Volume 26, Number 6 ● August 9, 2018
NOT READY TO SEND - check BOLD Accotink text with Frank, adjust in Index page, article page (top and bottom), and Constant Contact.
In This Issue:
Approved Accotink Creek "Salt" TMDL - What it Means to You!
On May 23, 2018, the EPA approved sediment and chloride Total Maximum Daily Loads (TMDLs) for each of three impaired segments of Accotink Creek – Upper Accotink (from headwaters down to Lake Accotink), Lower Accotink (from Lake Accotink to the Potomac River), and Long Branch. Accotink Creek drains 52 square miles of Fairfax County in Northern Virginia, and these TMDLs quantify the maximum amount of total pollutant that the water body can receive without exceeding water quality standards. All development projects within the Accotink Creek watershed are subject to these TMDLs, and the Virginia Department of Environmental Quality (DEQ) must consider how proposed impacts to the watershed affect sediment and chloride levels when issuing stormwater permits.
City of Annapolis Proposes to Remove Tree Conservation Credit
On June 18, 2018, Ordinance 27-18 was introduced before the Annapolis City Council with the intent of maintaining the City’s current tree canopy percentage. The proposed measure would change the City Forest Conservation Ordinance to eliminate a credit given for not clearing beyond the Forest Conservation Threshold. Thus, any forest clearing within the City of Annapolis would now require a 1:1 reforestation ratio, at a minimum. The bill was adopted on the first reader on June 18, 2018 and is now in committee. It is expected to be brought back before the City Council for additional discussion in September.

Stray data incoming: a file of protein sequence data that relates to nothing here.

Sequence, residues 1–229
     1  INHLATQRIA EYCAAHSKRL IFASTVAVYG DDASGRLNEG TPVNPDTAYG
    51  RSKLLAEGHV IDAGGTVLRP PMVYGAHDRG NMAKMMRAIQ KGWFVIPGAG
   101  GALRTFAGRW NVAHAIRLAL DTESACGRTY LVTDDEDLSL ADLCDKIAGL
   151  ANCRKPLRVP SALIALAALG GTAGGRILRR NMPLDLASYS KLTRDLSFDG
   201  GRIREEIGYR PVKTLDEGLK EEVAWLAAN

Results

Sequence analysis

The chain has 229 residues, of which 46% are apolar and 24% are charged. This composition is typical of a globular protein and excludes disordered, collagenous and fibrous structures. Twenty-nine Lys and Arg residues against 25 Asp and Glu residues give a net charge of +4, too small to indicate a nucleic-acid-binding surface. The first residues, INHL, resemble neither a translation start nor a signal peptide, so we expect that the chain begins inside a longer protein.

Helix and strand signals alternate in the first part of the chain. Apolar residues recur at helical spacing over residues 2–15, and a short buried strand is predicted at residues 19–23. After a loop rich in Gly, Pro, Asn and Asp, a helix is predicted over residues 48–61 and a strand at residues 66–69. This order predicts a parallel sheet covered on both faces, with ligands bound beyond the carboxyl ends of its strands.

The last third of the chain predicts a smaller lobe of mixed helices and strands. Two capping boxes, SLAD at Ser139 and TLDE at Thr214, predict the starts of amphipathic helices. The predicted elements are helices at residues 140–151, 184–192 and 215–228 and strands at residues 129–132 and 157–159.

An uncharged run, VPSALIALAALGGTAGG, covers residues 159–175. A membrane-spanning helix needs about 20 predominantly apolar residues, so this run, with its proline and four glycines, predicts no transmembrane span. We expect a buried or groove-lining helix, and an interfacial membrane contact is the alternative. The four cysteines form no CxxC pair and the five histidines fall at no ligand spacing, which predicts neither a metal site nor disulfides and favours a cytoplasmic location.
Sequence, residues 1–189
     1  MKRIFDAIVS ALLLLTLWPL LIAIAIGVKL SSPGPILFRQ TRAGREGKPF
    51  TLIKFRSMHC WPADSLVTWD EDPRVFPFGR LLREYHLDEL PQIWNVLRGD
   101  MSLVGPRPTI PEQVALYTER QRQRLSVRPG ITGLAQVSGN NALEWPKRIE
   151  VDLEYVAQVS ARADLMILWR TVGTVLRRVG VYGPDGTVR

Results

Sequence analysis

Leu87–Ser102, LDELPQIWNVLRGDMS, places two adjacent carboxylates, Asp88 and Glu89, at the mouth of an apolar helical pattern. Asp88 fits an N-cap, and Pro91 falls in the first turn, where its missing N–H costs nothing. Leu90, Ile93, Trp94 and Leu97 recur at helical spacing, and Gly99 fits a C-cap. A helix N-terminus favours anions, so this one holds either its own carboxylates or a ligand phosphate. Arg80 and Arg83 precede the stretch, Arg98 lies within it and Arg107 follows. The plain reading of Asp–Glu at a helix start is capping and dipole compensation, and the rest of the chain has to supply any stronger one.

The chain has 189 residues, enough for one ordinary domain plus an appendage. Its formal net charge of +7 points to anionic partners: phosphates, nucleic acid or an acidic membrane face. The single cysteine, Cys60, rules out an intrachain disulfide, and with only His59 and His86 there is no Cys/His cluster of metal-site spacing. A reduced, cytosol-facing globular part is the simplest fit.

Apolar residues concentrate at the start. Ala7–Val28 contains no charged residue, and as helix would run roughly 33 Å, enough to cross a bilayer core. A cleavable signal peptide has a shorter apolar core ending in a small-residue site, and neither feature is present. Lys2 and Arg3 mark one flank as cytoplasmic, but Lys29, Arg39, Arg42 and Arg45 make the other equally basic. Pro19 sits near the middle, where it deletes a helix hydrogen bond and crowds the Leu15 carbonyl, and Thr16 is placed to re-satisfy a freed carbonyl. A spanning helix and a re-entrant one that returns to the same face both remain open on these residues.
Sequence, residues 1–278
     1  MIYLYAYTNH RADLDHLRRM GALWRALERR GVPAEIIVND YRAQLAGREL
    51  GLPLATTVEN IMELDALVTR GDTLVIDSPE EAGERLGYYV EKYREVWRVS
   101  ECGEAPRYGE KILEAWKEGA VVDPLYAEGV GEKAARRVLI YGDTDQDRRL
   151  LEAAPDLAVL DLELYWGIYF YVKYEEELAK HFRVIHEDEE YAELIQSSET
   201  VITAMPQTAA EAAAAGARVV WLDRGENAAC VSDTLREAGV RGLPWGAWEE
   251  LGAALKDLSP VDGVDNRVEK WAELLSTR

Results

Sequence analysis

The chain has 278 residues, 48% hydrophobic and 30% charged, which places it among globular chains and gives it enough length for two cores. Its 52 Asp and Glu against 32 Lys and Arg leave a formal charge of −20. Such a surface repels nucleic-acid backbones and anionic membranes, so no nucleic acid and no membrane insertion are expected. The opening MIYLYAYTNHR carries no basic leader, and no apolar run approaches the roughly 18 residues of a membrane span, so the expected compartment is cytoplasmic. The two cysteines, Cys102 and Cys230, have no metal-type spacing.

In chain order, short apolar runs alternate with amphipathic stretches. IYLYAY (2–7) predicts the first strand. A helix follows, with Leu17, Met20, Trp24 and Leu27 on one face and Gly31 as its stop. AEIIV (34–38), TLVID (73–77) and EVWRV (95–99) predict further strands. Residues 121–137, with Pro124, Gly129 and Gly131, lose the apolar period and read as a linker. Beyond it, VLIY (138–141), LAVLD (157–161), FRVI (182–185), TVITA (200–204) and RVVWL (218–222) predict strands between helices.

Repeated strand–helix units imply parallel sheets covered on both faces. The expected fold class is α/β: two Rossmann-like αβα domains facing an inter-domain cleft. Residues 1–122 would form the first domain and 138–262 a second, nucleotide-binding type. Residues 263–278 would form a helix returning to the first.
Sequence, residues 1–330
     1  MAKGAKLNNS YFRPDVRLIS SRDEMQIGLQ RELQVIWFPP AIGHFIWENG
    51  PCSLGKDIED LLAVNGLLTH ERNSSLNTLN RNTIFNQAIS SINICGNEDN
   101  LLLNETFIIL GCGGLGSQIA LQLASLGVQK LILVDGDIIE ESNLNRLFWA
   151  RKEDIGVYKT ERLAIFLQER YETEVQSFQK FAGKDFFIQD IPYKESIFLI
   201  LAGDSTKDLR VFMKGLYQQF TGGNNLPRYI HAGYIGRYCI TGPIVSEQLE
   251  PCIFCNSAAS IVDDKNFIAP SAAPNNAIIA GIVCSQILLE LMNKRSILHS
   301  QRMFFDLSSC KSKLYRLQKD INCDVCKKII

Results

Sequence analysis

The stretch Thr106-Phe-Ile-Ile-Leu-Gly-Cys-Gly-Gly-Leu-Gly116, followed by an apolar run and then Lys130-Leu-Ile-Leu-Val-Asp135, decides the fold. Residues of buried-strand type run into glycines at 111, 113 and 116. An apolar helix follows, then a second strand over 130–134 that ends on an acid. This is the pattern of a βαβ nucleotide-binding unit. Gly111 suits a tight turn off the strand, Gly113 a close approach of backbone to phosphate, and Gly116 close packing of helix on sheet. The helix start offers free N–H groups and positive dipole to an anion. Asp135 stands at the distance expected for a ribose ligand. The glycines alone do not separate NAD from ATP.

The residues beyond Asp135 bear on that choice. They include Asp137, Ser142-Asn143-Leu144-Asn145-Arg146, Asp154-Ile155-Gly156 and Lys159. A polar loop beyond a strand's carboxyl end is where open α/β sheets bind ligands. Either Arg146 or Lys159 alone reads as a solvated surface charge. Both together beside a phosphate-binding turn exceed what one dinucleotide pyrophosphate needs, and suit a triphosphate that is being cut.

Section 106 Seminar Recap
On June 20 we welcomed clients and other members of the regulated community to our Gainesville, Virginia headquarters office for a short seminar on Section 106 regulations. Our Virginia-based clients and partners joined leaders from local counties and cities to discuss the specifics of Section 106 of the National Historic Preservation Act. Experts from the US Army Corps of Engineers, the Virginia Department of Historic Resources (VDHR), and Walsh Colucci Lubeley & Walsh PC led our discussion about the new tribal listings, battlefield coordination, abandoned cemetery policy, and adverse effect determinations.
Giant Hogweed Brings "Little Shop of Horrors" to Virginia!
In June, researchers from Virginia Tech confirmed the presence of giant hogweed (Heracleum mantegazzianum) in Clarke County, Virginia, and more recently confirmed the plant is also present in Fauquier County, Rockingham County, Spotsylvania County, and Alexandria, Virginia. This is a dangerous invasive plant species – its sap causes severe burns if exposed to sunlight while on your skin.